My personal opinion is that it's disturbing. Almost like it was written in a drug induced haze. Sendak always gets high marks from critics and other parents for his outside the box style of writing, but I'm always left wondering who his books are really for. Do I think "Outside over there" is going to cause young children to need therapy later in life? No, of course not. It's just a really oddball book. For the record, my kindergartener giggled all the way through it, but then became convinced that goblins really did come and steal babies. This was a rather short lived little fear for her, but worth mentioning. I also feel the need to mention that I'm not some super politically correct helicoptor parent trying to protect my kids from every little unpleasantness in the world. I'm sure I read and let my kids be entertained in ways that would make some of the supermoms in the PTA peg my kids for extensive therapy and jailtime later in life. I just don't love this book. Something about it doesn't sit right with me. Perhaps its because of the limited words in the story coupled with bizarre illustrations. Who knows...others seem to love this book, but reviews like mine also need to be published to provide some balance and a different perspective. Of course, you will recognize the bare bones of Labyrinth here, and David Bowie as the Goblin King is inarguably more traumatizing than anything found in this book...but I wouldn't recommend that movie for younger children either. This is listed in the 4-8 years old range, but really this is a case by case basis sort of book. Not all kids are created equal as to what they can handle, and the themes in this one run pretty deep. If your child is particularly sensitive probably not the best call. Mine is a trooper and I thought for sure she'd be fine with it...did not expect her to become convinced her dolls would disappear if she left them unattended.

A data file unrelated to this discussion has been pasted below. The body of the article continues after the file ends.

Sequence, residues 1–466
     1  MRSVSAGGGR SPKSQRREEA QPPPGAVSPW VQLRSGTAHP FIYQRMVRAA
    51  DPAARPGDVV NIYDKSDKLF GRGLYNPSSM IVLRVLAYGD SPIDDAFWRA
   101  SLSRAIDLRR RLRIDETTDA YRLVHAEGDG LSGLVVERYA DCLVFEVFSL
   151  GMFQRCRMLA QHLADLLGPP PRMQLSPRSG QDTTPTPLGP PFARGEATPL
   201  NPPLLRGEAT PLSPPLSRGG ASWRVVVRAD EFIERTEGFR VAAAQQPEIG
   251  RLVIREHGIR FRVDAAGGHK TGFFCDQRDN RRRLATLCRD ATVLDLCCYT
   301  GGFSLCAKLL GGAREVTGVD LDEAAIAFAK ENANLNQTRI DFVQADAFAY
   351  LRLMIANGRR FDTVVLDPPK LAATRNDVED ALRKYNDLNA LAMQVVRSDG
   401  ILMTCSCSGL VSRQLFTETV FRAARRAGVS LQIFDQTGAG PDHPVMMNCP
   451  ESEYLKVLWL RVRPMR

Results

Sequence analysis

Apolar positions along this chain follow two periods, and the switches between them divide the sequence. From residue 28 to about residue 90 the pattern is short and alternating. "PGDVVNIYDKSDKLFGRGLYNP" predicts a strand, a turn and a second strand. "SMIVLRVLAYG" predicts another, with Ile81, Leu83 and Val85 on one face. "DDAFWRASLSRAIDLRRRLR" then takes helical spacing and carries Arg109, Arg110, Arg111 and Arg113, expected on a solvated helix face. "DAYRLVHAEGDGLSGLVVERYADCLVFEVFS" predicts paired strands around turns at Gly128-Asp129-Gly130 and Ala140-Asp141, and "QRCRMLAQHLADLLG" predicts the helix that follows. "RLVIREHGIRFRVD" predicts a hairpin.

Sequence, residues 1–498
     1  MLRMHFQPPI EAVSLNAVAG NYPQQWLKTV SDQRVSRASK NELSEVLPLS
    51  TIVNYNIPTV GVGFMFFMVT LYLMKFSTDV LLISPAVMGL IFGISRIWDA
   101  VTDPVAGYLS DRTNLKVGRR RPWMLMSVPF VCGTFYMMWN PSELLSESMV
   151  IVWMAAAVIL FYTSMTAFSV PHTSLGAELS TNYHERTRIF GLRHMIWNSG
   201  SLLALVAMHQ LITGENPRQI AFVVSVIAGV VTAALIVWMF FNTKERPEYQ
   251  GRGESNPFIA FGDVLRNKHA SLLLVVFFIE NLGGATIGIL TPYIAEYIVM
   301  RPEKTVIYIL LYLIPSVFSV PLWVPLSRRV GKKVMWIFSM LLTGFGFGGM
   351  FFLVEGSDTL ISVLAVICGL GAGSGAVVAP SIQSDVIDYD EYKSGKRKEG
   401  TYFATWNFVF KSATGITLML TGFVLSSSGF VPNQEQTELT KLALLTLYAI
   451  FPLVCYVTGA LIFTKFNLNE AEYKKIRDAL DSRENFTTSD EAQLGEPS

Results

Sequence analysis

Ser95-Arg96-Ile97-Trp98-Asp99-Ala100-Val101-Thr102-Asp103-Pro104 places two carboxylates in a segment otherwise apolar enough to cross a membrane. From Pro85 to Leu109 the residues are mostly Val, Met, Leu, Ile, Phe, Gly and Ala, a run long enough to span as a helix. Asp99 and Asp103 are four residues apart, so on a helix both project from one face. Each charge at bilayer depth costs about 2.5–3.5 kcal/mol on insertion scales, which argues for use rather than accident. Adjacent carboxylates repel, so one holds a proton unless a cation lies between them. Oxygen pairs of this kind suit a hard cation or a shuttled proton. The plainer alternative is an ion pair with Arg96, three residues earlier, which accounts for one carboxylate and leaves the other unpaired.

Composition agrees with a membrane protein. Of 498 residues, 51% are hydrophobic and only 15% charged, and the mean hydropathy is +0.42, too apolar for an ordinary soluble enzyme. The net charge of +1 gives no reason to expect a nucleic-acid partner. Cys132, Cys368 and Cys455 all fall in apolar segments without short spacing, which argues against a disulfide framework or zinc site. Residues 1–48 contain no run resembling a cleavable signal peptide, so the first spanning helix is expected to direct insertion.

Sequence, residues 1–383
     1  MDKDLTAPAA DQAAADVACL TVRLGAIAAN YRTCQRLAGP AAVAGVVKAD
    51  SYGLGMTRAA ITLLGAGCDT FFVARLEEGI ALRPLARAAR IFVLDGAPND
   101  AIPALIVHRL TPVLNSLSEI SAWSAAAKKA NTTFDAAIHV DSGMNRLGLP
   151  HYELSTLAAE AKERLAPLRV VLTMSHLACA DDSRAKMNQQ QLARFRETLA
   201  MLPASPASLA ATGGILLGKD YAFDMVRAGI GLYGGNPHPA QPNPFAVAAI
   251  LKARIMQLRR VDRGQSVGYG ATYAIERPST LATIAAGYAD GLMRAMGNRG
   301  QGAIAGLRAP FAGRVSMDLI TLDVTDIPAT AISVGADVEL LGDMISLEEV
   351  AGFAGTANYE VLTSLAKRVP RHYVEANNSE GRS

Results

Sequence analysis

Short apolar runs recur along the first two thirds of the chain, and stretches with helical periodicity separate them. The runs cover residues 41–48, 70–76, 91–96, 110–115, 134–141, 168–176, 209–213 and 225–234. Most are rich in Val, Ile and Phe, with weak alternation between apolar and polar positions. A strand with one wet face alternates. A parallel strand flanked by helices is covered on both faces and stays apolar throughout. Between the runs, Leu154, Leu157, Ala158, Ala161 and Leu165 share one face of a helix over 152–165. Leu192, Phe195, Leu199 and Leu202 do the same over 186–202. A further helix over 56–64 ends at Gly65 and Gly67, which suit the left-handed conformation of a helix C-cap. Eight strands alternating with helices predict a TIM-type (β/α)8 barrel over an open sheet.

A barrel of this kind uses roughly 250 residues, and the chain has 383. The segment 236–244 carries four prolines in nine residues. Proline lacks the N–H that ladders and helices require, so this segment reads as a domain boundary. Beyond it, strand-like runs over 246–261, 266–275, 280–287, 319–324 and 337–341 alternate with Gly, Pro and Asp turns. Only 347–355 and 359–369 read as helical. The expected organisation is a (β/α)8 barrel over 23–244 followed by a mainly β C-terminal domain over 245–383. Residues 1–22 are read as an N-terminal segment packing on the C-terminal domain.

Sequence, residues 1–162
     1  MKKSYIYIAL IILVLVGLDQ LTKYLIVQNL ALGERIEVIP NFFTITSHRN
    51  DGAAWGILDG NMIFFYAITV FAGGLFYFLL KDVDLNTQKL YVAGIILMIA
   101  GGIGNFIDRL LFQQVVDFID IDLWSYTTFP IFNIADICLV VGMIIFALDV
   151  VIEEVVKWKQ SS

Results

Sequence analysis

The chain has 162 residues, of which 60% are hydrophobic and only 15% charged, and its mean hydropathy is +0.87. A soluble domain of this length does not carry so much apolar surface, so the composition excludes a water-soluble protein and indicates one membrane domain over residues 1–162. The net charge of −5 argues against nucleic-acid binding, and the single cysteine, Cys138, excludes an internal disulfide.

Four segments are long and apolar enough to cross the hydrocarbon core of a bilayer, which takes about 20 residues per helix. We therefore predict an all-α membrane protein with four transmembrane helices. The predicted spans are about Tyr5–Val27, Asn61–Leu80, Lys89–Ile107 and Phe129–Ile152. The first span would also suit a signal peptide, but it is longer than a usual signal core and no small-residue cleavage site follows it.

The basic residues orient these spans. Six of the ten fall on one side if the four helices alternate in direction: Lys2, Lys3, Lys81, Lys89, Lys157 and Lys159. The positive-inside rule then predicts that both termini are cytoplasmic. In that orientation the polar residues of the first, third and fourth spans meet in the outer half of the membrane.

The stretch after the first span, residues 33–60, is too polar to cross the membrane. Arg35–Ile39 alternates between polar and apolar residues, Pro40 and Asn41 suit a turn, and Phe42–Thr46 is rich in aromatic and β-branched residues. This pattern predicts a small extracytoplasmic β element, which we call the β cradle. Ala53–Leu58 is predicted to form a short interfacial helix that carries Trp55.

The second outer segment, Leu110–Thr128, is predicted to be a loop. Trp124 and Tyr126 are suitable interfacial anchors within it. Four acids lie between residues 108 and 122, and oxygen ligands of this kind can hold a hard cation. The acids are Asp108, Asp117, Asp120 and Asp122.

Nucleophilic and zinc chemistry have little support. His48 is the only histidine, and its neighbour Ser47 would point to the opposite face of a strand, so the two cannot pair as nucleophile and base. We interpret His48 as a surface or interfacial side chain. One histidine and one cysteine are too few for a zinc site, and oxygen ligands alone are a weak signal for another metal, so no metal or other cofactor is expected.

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If Maurice Sendak had sat in his office one day and pondered to himself, "I should like to stretch my artistic muscles a little", he could not have come up with anything better than the eerie "Outside Over There". The plot is a classic one. Big sister Ida cares for her little baby sister while her father is a way and her mother pines in the arbor. When goblins steal the baby for their bride, it's up to Ida to go outside over there and get her sister back.
For those of you who thought Maurice Sendak made, "Where the Wild Things Are" and then just stopped, you are in for a surprise. This book is a fantastic series of images, exhibiting beautifully a young girl's love for her sibling. Sometimes thought to be the inspiration for the movie Labyrinth (not true: the book "Labyrinth" by A. C. H. Smith was the real basis), the book is beautiful in a way that simultaneously enchants and disturbs. For example, the hooded goblins are nothing more than babies themselves, and clever Ida finds a way to make them dance to their death. The changeling exchanged for Ida's sibling is an eerie ice statue, the most Sendakian image in this entire book. As for the pictures as a whole, the author has excused himself from his previous cartoonish style. The people pictured in this book are strikingly realistic, and they display emotion beautifully. The tender scenes between Ida and her little sister are touching.
This is not a book for everyone. But then, many of Sendak's books are not for everyone. To be a fan of the works of Maurice Sendak is to be comfortable with a certain amount nudity and oddity. Just the same, there are so many things to like about this book that I'd be sad to turn anyone away from it. I'll say this. You will never find its twin. This original piece of work is filled to the brim with interest and imagination, such as you will have a great deal of difficulty finding elsewhere.
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on May 11, 2005
For many years, I could remember reading a book about a little girl, a band of goblin babies, and a stolen younger brother. I also remembered what beautiful illustrations it had and how much I had loved it as a young girl. I was literally haunted by the memories of this beautiful book and tried for several years to find it. Finally I asked the right librarian and she lead me back to this wonderful book. I find it as enthralling and intriguing as I did when I was young, and I'm so happy to have rediscovered it. I think it is a lovely and odd book and would recommend it to all who enjoy such things.
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on January 23, 2006
This is one of my children's favourite books and I believe Maurice Sendak has outdone himself in this extraodinary tale. It is multilayered, and multifaceted both in illustration, text and story.